Ransomware attacks increased by 80 per cent over the last 12 months, according to a Sophos white paper. That means that ransomware attacks hit two out of three organisations in 2021. This demonstrates “that adversaries have become considerably more capable at executing the most significant attacks at scale,” it said.
Attackers are using ransomware-as-a-service where hackers buy sophisticated attacks off the shelf. As a result, low-skilled bad actors have the ability to use complex hacks.
Despite the fact ransomware attacks increased, organisations have got better at recovering from them. For example, most breached businesses recover some encrypted data from hackers.
Most commonly, organisations restore their data using backups. But almost half of respondents (46 per cent) to the Sophos survey said they had paid the ransom to recover data.
“While paying the ransom almost always gets you some data back, the percentage of data restored after paying has dropped,” the report said. On average organisations that paid recovered only 61 per cent of their data – down from 65 per cent last year.
The value of ransoms has rocketed. For example, businesses now pay an average of $812,360 per attack. That compares with an average of $170,000 the year before.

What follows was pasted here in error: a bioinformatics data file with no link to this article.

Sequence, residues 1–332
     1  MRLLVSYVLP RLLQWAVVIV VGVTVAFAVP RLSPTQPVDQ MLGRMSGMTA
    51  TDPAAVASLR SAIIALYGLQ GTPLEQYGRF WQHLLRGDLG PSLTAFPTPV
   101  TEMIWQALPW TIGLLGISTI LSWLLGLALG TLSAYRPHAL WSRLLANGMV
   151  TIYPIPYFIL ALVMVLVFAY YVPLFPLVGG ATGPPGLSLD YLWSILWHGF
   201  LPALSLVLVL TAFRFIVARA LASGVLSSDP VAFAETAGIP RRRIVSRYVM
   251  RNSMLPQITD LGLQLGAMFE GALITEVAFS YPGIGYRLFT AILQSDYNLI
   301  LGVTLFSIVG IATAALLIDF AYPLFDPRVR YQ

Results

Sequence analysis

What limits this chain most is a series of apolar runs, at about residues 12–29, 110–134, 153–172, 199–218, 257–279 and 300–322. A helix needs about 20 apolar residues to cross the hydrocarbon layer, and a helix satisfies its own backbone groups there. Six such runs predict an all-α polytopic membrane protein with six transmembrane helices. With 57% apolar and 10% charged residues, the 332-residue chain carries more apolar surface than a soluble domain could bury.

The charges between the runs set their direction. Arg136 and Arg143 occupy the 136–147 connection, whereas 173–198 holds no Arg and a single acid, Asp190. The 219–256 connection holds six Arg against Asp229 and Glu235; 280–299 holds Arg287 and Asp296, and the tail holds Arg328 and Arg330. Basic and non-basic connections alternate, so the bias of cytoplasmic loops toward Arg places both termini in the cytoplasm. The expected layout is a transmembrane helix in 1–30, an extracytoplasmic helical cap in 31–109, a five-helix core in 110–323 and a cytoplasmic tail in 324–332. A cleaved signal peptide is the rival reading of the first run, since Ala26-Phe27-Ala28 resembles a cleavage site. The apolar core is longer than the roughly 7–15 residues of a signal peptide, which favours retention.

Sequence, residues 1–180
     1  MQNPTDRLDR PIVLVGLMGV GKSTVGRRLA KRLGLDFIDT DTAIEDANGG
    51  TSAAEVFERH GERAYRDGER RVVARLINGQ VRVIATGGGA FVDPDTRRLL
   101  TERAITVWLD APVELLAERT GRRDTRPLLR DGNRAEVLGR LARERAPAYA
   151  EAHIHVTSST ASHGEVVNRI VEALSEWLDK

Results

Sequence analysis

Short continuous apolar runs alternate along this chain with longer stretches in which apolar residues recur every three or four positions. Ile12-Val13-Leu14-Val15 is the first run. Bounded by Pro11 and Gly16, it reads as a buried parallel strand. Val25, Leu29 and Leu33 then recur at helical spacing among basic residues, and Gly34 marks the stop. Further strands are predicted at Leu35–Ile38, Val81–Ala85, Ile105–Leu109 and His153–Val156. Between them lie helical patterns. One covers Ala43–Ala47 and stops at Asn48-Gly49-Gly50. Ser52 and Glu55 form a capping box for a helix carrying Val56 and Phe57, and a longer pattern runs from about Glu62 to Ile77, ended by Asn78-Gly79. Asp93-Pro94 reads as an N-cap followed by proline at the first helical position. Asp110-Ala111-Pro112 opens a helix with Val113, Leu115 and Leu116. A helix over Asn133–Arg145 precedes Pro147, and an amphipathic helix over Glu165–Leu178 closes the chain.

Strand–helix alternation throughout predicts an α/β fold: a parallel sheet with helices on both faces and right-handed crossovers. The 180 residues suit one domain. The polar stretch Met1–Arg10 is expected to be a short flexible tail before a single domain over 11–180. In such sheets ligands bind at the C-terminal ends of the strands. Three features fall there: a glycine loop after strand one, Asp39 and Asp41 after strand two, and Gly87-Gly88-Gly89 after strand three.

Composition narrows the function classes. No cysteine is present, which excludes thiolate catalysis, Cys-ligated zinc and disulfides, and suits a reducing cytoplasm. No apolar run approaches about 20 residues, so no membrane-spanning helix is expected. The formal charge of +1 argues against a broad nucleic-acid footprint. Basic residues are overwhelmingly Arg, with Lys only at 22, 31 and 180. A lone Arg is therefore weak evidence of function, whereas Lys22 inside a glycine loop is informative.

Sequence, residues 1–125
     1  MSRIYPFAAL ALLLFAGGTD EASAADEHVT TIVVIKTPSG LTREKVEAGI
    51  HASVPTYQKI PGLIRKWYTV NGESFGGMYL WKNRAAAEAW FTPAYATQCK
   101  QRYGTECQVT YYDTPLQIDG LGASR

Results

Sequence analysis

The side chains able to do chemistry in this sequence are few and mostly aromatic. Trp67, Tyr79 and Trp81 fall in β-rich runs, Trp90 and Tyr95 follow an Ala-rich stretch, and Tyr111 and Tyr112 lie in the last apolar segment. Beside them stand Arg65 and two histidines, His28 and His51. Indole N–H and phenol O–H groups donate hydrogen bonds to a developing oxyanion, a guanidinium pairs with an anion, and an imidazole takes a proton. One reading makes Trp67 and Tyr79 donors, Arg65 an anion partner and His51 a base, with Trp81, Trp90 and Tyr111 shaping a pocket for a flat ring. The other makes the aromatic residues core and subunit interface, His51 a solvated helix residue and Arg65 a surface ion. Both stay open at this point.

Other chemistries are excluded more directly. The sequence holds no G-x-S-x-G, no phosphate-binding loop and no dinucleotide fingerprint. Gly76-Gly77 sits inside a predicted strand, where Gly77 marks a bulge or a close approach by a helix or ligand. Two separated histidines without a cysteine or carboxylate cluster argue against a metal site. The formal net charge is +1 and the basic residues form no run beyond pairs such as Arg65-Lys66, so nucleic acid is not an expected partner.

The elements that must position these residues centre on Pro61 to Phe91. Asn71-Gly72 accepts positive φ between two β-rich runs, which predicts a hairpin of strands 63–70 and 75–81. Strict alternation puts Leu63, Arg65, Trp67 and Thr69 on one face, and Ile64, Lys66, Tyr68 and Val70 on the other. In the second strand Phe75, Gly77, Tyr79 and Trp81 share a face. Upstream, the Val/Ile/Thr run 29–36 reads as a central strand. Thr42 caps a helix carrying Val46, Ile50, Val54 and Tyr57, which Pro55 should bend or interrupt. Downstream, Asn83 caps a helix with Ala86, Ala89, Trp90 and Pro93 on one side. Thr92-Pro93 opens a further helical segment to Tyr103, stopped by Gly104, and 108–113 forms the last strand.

The UK government said that just over half of businesses (54%) acted in the past 12 months to identify cyber security risks. Its Cyber security breaches survey found that security monitoring tools (35%) were the most common defence.
But qualitative interviews uncovered limited board understanding of the risk. “That meant the risk was often passed on to; outsourced cyber providers, insurance companies, or an internal cyber colleague,” the survey said.
In fact, a skills’ shortage in the area means organisations are turning increasingly to third party suppliers. A survey by Neustar Security Services found 89 per cent of security professionals increasing their dependence on such services. In fact, just over half of respondents said they were looking for risk management skills.
This comes at a times when businesses are rushing to further digitise their businesses because of the pandemic. “Although 92 per cent acknowledged that implementing a digital initiative without fully understanding or addressing potential security challenges is a mistake,” it said, “56 per cent said their organisation had rushed to implement a digital initiative anyway.”